November 14, 2007, 12:00 AM

Moosejaw trims content as well as design to fit m-commerce

Multi-channel outdoor gear retailer Moosejaw Mountaineering discovered that design rules applying to e-commerce don’t fit m-commerce. After rolling out its m-commerce site, it became apparent that content was more important than presentation.

When Moosejaw Mountaineering began exploring mobile commerce three years ago, the technology wasn’t ready. And Moosejaw’s plans to communicate with consumers by text message were in place, but costs were too high.

Since then, technology capabilities and quality have gone up and text messaging costs have come down, by about 50%, says Jeffrey Wolfe, chief operating officer at Moosejaw, No. 297 in the Internet Retailer Top 500 Guide. The changes helped the company begin its quest to become a mobile destination for younger, tech-savvy consumers.

Its online retail site is a big success, but in developing, the company learned there isn’t much overlap in designing e-commerce and m-commerce sites, Wolfe says. “We were forced to approach the mobile site in a completely different way than our site,” he says. “We sell 15,000 products and our goal was to let customers access all of them,” he says, by cell phone or other wireless device.

But Moosejaw soon discovered that rules applying to e-commerce don’t fit m-commerce. In fact, it became apparent that site content is probably more important than presentation. “No one wants to see all 15,000 products,” Wolfe says. “Now we’re setting it up so shoppers can see what they want.” That means displaying only sale-priced jackets for men or women, for instance, and specials can be changed weekly. “It’s not only about working with a smaller screen,” he adds. “We now see it as a smaller site.”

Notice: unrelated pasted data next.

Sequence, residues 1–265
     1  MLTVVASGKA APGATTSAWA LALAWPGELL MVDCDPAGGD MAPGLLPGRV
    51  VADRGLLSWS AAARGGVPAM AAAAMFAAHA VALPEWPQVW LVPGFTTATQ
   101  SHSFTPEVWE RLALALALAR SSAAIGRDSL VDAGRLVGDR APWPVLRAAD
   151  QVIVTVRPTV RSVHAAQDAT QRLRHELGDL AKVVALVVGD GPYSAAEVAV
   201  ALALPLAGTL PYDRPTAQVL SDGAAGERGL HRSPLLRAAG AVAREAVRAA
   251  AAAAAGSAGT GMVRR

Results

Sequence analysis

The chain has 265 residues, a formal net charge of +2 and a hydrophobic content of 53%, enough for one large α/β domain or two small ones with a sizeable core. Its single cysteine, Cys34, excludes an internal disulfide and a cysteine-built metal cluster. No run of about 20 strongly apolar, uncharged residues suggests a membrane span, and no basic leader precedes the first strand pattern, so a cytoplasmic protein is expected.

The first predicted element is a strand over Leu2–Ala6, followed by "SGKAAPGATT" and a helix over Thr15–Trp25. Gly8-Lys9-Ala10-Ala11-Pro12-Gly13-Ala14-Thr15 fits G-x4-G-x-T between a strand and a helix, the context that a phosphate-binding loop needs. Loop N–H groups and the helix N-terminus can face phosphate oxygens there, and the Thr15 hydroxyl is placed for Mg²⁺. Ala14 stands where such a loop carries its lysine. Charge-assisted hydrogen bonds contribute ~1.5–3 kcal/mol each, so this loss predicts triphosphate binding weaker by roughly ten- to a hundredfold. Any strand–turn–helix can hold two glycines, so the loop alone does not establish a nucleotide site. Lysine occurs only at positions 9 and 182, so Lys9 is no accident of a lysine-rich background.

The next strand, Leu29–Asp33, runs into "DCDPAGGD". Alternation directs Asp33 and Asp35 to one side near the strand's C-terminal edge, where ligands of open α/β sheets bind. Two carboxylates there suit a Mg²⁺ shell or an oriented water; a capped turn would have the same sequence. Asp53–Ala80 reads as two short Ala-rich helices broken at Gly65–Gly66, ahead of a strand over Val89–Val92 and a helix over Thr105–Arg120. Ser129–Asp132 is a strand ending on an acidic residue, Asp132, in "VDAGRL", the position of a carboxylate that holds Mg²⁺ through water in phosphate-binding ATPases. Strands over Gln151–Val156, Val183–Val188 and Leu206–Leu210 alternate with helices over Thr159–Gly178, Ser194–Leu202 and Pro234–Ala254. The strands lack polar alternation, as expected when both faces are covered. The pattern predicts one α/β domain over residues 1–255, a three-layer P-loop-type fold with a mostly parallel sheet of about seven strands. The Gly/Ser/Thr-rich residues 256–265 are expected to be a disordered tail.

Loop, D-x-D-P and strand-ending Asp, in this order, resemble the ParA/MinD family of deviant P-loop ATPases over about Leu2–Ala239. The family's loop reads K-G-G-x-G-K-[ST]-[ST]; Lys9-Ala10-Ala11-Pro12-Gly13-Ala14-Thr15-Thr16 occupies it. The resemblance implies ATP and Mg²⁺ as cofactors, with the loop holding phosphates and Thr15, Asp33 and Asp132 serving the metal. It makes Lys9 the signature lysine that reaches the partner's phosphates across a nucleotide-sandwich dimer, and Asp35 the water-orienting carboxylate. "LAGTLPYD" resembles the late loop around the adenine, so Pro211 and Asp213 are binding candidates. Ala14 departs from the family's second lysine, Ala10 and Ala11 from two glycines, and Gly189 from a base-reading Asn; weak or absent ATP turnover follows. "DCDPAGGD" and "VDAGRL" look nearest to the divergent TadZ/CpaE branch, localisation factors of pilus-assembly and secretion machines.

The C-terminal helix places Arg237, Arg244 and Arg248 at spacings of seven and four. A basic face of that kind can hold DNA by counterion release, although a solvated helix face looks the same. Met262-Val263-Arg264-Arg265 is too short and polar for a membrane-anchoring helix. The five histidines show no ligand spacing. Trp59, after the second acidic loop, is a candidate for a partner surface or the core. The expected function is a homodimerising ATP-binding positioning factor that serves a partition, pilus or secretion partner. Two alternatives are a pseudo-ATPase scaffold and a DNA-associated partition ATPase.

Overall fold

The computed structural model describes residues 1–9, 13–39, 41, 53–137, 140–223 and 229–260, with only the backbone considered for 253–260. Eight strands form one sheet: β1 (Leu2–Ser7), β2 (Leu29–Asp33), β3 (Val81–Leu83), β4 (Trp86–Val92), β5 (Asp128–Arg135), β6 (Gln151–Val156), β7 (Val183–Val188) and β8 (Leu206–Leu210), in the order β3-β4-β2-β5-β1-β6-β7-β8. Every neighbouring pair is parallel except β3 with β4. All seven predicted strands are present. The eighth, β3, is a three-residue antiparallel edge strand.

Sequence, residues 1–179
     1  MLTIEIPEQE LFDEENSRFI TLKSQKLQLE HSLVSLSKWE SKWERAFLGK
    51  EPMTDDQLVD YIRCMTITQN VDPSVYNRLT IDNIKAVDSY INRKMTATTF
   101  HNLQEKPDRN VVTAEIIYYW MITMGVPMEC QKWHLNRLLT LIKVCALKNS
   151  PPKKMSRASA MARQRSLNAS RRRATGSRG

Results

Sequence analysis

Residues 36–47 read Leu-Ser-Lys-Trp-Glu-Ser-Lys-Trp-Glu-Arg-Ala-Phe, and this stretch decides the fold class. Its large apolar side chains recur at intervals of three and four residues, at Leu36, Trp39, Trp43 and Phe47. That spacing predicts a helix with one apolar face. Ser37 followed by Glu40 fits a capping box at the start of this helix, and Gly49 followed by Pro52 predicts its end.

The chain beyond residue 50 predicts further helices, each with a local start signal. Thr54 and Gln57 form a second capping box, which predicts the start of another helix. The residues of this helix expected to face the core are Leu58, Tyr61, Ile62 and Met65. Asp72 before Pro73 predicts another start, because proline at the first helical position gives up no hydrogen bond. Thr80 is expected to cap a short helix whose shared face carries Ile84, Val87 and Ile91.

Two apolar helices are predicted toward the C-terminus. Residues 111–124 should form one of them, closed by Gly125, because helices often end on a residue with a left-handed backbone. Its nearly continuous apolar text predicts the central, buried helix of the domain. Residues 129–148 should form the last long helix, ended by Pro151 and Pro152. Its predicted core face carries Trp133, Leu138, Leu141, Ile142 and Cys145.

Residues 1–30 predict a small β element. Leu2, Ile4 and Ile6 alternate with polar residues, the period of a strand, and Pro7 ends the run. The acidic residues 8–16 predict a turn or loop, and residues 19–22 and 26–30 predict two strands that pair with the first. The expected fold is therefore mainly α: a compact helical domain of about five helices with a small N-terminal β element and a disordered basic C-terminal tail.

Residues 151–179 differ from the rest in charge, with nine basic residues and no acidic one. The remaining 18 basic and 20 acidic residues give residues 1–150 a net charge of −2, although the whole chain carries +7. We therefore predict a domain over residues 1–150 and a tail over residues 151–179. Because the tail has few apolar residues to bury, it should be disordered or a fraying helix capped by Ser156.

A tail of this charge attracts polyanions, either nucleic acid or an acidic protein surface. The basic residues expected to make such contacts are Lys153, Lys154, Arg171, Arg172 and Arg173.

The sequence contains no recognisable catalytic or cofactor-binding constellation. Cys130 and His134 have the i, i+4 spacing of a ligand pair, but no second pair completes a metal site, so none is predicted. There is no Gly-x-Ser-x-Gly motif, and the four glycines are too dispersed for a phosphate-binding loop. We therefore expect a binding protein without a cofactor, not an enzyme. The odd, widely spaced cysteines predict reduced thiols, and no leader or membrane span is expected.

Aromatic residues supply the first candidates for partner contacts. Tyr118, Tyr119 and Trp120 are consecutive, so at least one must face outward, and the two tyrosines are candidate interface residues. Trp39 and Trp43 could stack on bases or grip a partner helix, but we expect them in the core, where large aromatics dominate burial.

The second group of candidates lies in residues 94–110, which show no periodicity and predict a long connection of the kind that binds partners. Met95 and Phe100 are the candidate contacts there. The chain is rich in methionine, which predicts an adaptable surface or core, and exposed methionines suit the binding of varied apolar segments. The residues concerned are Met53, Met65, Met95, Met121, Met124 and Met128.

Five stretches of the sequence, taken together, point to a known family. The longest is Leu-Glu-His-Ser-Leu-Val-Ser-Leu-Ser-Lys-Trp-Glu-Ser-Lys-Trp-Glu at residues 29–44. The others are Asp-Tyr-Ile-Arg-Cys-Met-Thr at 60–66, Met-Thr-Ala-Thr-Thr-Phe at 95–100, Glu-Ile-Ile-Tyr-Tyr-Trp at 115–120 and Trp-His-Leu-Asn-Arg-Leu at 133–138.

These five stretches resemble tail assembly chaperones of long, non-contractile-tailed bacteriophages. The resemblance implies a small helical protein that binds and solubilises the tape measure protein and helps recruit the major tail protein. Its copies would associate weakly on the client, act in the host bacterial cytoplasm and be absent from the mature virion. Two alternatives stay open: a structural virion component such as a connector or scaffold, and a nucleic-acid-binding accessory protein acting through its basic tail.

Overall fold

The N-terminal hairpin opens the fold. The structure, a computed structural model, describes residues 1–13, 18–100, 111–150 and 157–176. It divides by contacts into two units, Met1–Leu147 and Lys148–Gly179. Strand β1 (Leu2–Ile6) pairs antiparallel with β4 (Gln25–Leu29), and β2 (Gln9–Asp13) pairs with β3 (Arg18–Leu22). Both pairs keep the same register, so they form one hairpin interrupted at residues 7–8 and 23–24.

Moosejaw’s text messages fall into two categories. One is strictly for entertainment or to offer customers, who have opted to receive such missives, bonus reward points and coupons. The other category is a bit more practical. Customers who buy on can opt for a tracking number on their mobile phone or device. It’s not a necessity, but it is cool, CEO Robert Wolfe says, which to the Moosejaw demographic of late teens to twentysomethings, is plenty. 25% of customers who place an order sign up to get texted.

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